Publication Date: August 1938
Publisher: Victor Gollancz
My partner bought me a beautiful edition of Rebecca on a trip to Bath for my birthday a couple years ago and its been sitting pretty on my shelf til LadiesOfHorrorFiction.com announced their November read along last year.
Having never participated in one before I hadn’t realised read alongs are typically spread over a period of time making it achievable for any schedule. This didn’t work for me. I can’t read more than one book at once and I couldn’t spend an entire month on just the one so I read it all at once and somehow managed to miss all of the discussions.
BUT atleast I finally read it! Thanks to LOHF.
Now here’s what I thought..
Whilst Rebecca is marketed as Gothic fiction/ Crime/ Mystery/ Romance, I find it is most often spoken of as a horror on social media. So I headed into this book hoping for exactly that.
So where’s the horror?
Here’s the definition according to Wiki- “Horror is a genre of speculative fiction which is intended to, or has the capacity to frighten, scare, disgust, or startle its readers or viewers by inducing feelings of horror and terror. “
All I really got from Rebecca was a slightly unsettling atmosphere and constant irritation. I wanted to slap sense into the narrator.
I was continuously switching between pity, sympathy and frustration.
Mrs Danvers was a vile character, very well written. If anything she was the most haunting of them all. I kept hoping she wasn’t lurking nearby, ready to belittle and embarrass the narrator at every available opportunity. Whenever she did I’d pity her, the poor naive lamb. At the same time though there has to be a breaking point and it just never seemed to come -there’s being meek and mild and there’s just downright pathetic. Unfortunately I felt the latter most often.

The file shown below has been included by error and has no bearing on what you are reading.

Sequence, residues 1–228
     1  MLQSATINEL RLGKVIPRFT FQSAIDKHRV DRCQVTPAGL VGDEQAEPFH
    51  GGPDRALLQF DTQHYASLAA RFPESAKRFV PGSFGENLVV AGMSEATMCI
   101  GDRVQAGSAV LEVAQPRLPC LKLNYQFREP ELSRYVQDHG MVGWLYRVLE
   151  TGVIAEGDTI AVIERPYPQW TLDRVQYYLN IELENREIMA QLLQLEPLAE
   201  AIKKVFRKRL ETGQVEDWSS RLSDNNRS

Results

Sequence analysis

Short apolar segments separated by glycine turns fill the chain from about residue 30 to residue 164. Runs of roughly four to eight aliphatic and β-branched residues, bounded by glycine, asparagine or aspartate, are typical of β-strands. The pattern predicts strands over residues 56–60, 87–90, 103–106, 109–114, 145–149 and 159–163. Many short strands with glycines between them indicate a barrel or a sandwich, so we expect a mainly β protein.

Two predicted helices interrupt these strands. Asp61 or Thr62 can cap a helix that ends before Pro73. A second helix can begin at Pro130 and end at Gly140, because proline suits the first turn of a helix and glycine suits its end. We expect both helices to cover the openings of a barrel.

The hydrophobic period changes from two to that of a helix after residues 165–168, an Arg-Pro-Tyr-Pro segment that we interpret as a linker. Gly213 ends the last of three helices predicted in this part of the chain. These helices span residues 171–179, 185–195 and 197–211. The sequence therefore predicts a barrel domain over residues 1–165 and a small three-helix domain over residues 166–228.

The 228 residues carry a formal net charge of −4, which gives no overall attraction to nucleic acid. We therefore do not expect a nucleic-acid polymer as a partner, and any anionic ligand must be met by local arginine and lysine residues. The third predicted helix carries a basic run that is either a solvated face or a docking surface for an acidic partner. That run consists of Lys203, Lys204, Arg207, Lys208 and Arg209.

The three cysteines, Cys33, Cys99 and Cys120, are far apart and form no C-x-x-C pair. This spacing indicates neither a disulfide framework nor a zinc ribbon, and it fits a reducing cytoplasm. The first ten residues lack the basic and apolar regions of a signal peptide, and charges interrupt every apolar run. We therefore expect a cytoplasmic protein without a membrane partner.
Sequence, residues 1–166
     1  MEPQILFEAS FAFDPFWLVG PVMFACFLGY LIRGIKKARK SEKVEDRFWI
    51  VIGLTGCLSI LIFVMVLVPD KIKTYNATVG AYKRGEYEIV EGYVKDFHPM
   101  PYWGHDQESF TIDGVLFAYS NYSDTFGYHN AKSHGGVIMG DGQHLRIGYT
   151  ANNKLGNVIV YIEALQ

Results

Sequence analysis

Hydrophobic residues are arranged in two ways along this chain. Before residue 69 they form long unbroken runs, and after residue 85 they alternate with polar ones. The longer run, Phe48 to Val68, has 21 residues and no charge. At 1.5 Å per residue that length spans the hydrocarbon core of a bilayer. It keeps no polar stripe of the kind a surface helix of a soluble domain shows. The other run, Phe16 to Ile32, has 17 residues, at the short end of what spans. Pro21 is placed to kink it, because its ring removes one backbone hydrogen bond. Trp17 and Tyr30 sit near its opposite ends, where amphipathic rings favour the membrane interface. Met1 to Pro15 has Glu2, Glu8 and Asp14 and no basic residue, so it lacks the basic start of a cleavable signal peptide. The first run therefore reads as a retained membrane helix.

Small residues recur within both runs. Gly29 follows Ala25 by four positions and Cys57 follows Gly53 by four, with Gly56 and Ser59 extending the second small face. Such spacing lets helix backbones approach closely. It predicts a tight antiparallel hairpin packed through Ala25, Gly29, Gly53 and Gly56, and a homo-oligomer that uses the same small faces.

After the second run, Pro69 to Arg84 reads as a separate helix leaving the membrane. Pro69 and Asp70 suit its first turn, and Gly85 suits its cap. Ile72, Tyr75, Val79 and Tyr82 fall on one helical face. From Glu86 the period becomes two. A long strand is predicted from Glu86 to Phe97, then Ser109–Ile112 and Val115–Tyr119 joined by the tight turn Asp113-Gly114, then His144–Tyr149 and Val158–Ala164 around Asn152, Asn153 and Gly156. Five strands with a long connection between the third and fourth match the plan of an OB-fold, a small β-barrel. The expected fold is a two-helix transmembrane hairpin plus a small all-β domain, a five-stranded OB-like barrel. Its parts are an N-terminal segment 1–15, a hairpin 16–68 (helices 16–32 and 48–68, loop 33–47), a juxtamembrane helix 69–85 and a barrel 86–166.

As for Rebecca herself, she turned my stomach. There truly are women out there like this character and that makes me ashamed of our gender. Yes she was strong, independent and elegant, but the poisonous attitude beneath it made me cringe.
Maxim himself didn’t leave much of an impression on me at all, I felt he was cold and selfish. I did feel a little sympathy for him and almost a smidge of respect after the true ending of his previous marriage was revealed. The closest I came to liking or agreeing with any characters was Frank Crawley, solely for the way he behaved around the narrator, but overall he was a disappointment.
I struggle to enjoy books without at least one moderately likeable character or a glimmer of hope. I thought Rebecca was a dark and desperate tale, the prose is beautifully written but that wasn’t enough for me.